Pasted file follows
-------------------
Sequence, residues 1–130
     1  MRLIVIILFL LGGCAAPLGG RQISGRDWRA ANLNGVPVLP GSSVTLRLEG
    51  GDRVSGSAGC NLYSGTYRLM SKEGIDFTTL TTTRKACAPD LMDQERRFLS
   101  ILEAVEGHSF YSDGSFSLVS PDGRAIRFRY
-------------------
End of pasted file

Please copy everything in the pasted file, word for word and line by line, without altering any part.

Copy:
Sequence, residues 1–130
     1  MRLIVIILFL LGGCAAPLGG RQISGRDWRA ANLNGVPVLP GSSVTLRLEG
    51  GDRVSGSAGC NLYSGTYRLM SKEGIDFTTL TTTRKACAPD LMDQERRFLS
   101  ILEAVEGHSF YSDGSFSLVS PDGRAIRFRY